Yesterday, the California Legislature's joint budget conference committee rejected Gov. Arnold Schwarzenegger's (R) proposal to eliminate Healthy Families as part of an effort to close the state's $24.3 billion deficit, the Los Angeles Times reports. Healthy Families is California's Children's Health Insurance Program (Goldmacher, Los Angeles Times, 6/16).
Instead, the committee voted to approve $70 million in cuts to the program's budget, hoping that donations from philanthropic groups or other organizations would cover the drop in state funding.
A committee staff report indicated that the cut would lead to a waiting list for new children seeking coverage through the program (Buchanan, San Francisco Chronicle, 6/16).
The joint legislative panel also rejected several of Schwarzenegger's other budget provisions and instead offered their own proposals. The differences include:
- Adult Day Health Care: Schwarzenegger's budget aimed to eliminate the program, which the administration estimated would reduce state spending by $170.5 million. The panel instead opted to cut only $26.8 million from the program (Los Angeles Times, 6/16).
- HIV/AIDS programs: The governor also proposed trimming HIV/AIDS education, prevention and treatment programs by $80.1 million, but the panel reduced the cut to about $33.5 million.
- Local Governments: Legislators from both parties rejected the governor's plan to borrow nearly $2 billion from cities and counties. Last week, Schwarzenegger said he would abandon the proposal if legislators made up the difference by cutting health care for state workers or other programs (Wiegand/Sanders, Sacramento Bee, 6/15).
What Comes Next
Joint committee members from both houses say they hope to develop a complete budget proposal to send to the full Legislature within a week (Los Angeles Times, 6/16).
Yesterday, legislators missed the constitutional deadline to approve a balanced budget by June 15. Controller John Chiang (D) said that every passing day without a budget plan poses increasing challenges for the state to borrow money in order to resolve a cash shortage by the end of the month.
Assembly Democrats Call for New Revenue
On Monday, Assembly Democrats unveiled their own budget proposal, which attempts to close the budget gap through several revenue-raising measures, such as:
- Cigarette taxes;
- Oil extraction taxes;
- Rescinding corporate tax breaks; and
- Taxing Internet and mail-order sales (Sacramento Bee, 6/16).
Assembly Speaker Karen Bass (D-Los Angeles) said the legislative panel also would adopt the governor's revenue-raising measures, which include new fees, shifted funds and accelerated tax collection (York, Capitol Weekly, 6/15).
Although lawmakers might enact extensive cuts to several programs, Bass said she anticipates a "balanced approach" that would "not eliminate basic safety net programs" (Los Angeles Times, 6/16).
Bass said that she hopes Republicans will support the Assembly Democrats' budget plan, but added that Republican votes might not be necessary to pass the proposal.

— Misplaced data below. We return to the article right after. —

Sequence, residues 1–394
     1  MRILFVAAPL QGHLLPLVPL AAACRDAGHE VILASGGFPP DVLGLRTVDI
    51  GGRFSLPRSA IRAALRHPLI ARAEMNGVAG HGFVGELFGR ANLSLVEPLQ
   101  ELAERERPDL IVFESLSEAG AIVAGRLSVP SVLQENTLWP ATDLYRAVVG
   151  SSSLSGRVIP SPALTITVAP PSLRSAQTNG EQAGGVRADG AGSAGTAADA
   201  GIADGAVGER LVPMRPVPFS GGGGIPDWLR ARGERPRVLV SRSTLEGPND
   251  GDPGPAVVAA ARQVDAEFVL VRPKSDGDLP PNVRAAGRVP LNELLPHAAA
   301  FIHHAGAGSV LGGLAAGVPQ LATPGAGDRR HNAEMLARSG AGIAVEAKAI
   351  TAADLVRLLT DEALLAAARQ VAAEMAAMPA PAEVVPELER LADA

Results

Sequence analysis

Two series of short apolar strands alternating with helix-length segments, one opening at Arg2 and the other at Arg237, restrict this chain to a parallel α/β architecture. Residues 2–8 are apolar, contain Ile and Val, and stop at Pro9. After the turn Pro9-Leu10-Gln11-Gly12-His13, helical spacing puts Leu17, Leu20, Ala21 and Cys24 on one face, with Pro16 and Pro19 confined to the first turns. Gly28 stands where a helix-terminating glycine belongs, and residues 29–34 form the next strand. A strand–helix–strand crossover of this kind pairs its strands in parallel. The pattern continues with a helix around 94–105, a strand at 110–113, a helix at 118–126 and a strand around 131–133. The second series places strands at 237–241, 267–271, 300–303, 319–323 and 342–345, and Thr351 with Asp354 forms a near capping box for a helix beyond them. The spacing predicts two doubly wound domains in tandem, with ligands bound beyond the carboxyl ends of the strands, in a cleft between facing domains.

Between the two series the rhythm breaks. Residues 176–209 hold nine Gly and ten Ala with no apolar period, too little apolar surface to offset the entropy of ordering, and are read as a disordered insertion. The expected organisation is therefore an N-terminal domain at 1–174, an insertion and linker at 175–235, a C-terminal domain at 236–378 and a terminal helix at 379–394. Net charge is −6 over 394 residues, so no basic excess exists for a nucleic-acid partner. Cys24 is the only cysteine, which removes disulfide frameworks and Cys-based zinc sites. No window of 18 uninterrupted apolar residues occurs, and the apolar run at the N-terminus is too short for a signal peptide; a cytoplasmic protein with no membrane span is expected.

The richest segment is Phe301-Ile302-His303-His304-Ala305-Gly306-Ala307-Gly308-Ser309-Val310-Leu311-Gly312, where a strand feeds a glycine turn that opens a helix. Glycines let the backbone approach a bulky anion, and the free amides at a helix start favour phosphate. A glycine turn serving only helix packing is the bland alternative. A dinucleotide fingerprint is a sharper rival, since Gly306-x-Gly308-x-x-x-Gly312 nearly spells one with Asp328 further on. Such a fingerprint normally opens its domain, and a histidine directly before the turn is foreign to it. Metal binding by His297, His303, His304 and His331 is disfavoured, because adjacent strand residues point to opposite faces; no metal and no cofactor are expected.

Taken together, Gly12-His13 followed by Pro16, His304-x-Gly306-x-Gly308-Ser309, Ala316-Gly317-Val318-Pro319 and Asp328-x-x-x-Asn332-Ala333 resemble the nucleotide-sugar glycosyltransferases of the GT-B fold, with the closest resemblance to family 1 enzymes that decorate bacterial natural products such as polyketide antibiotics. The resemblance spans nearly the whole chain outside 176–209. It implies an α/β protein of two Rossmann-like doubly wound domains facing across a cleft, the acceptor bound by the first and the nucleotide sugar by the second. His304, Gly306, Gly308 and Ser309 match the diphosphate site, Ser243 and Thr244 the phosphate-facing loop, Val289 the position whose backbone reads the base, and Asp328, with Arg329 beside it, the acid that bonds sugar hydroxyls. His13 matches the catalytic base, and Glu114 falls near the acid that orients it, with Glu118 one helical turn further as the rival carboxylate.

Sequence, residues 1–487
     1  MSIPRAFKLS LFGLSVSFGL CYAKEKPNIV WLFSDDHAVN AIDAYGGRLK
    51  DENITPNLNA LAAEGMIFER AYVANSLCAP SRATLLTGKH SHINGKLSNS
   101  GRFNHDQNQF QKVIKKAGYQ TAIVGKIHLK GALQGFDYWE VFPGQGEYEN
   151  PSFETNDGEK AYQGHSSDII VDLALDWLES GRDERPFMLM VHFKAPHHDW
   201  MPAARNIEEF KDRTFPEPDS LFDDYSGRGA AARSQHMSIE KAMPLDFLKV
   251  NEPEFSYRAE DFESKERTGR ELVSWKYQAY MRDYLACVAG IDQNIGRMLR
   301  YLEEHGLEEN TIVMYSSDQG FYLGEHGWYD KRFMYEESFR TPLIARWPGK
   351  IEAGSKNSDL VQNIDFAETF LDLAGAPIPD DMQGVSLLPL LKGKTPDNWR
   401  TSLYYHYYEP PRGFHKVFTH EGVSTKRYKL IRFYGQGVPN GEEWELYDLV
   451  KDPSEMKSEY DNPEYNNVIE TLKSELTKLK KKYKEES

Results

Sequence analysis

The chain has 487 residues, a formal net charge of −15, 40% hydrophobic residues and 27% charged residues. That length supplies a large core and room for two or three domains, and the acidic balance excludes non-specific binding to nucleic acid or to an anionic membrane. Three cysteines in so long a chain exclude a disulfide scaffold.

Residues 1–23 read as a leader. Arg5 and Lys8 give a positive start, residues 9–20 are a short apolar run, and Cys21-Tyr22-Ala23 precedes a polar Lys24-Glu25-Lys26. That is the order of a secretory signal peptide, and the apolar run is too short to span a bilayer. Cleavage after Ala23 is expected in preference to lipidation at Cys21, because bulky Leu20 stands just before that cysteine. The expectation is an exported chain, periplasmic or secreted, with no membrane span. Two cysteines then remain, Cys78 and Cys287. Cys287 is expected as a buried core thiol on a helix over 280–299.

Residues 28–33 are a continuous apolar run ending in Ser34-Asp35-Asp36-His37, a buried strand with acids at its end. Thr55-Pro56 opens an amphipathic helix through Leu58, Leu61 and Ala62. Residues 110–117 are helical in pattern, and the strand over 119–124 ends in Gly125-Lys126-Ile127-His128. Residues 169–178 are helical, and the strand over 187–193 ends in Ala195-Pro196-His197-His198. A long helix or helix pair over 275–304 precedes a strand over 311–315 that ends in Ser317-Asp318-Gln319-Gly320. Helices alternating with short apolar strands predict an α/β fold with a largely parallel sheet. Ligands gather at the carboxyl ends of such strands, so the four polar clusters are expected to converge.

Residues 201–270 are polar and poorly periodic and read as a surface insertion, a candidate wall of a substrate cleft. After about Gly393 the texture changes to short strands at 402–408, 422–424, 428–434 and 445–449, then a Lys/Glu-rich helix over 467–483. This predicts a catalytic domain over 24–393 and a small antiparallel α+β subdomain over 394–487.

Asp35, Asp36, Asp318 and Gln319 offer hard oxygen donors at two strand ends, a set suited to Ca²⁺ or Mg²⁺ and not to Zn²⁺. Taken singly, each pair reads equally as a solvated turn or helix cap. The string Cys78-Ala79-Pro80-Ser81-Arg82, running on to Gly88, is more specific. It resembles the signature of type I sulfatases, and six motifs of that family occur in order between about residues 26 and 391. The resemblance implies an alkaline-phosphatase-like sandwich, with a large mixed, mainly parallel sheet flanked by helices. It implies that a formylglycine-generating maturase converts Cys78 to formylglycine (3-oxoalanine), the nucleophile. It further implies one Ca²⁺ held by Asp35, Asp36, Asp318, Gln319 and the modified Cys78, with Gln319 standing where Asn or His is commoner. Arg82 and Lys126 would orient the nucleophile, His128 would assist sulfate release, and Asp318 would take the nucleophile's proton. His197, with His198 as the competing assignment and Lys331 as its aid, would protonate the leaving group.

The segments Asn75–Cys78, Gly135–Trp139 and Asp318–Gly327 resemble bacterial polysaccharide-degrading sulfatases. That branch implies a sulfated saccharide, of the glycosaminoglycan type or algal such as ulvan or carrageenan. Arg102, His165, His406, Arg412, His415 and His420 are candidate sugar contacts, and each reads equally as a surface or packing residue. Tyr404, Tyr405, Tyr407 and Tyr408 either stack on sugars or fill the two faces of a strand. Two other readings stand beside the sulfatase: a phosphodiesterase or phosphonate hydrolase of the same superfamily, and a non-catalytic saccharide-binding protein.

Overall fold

Tax increases require a two-thirds vote in the legislature, while fees can be passed with a simple majority vote (Lin, AP/Riverside Press-Enterprise, 6/15).
The Legislature's joint budget committee is expected to discuss the Assembly plan this afternoon.
Senate Democrats Prepared To Compromise
Although Bass and Senate President Pro Tempore Darrell Steinberg (D-Sacramento) both oppose extensive cuts to California's health and social programs, the two legislative leaders disagree somewhat on how to mend the budget gap.
Last week, Steinberg proposed dipping into the state's $4.5 billion reserve fund to fill the deficit, while Bass favors raising taxes or imposing new ones. Although Steinberg said he would not lead with a revenue-raising plan, he also said he would not rule one out.
Steinberg said, "What is more important, maintaining health care for 900,000 kids or keeping a recently passed corporate tax break?"
The Senate leader also appeared ready to work with Assembly members to oppose elements of Schwarzenegger's budget plan. He said, "What we're saying loud and clear, (Democrats in both houses), is that for the remainder, we have to find another way" (Sacramento Bee, 6/15).
Republicans Stand Their Ground
Aaron McLear, Schwarzenegger's spokesperson, said the Democrats' proposals do not include sufficient program cuts and are therefore "nowhere near solving the $24 billion deficit that the state faces."
Schwarzenegger and Republican lawmakers also say they will oppose any efforts to impose new levies or cancel corporate tax benefits (Los Angeles Times, 6/16).
Assembly GOP leader Sam Blakeslee (San Luis Obispo) said, "I don't think raising taxes is going to help us get out of this problem" (Sacramento Bee, 6/16).
In an interview set to air today on KQED's "The California Report," the governor discussed efforts to address the state budget deficit, including options to maintain funding for Healthy Families (Myers, "Capital Notes," KQED, 6/15).
Help From Washington
Although some California lawmakers assert that the state is "too big to fail," the administration of President Obama has declined to provide emergency aid to the state, the Washington Post reports.
After a series of meetings, senior administration officials concluded that California should address its budget deficit rather than rely on federal assistance (Cho et al., Washington Post, 6/16).
Gov. Schwarzenegger's plan to eliminate funding for California family planning programs such as Family PACT is "more than penny-wise, pound-foolish. It puts women's lives at risk," Yali Bair, interim CEO of Planned Parenthood Affiliates of California, writes in a San Francisco Chronicle opinion piece.
Bair continues that although "California's dire budget situation requires painful choices," family planning programs "are government at its best -- offering public health benefits and cost savings" (Bair, San Francisco Chronicle, 6/16).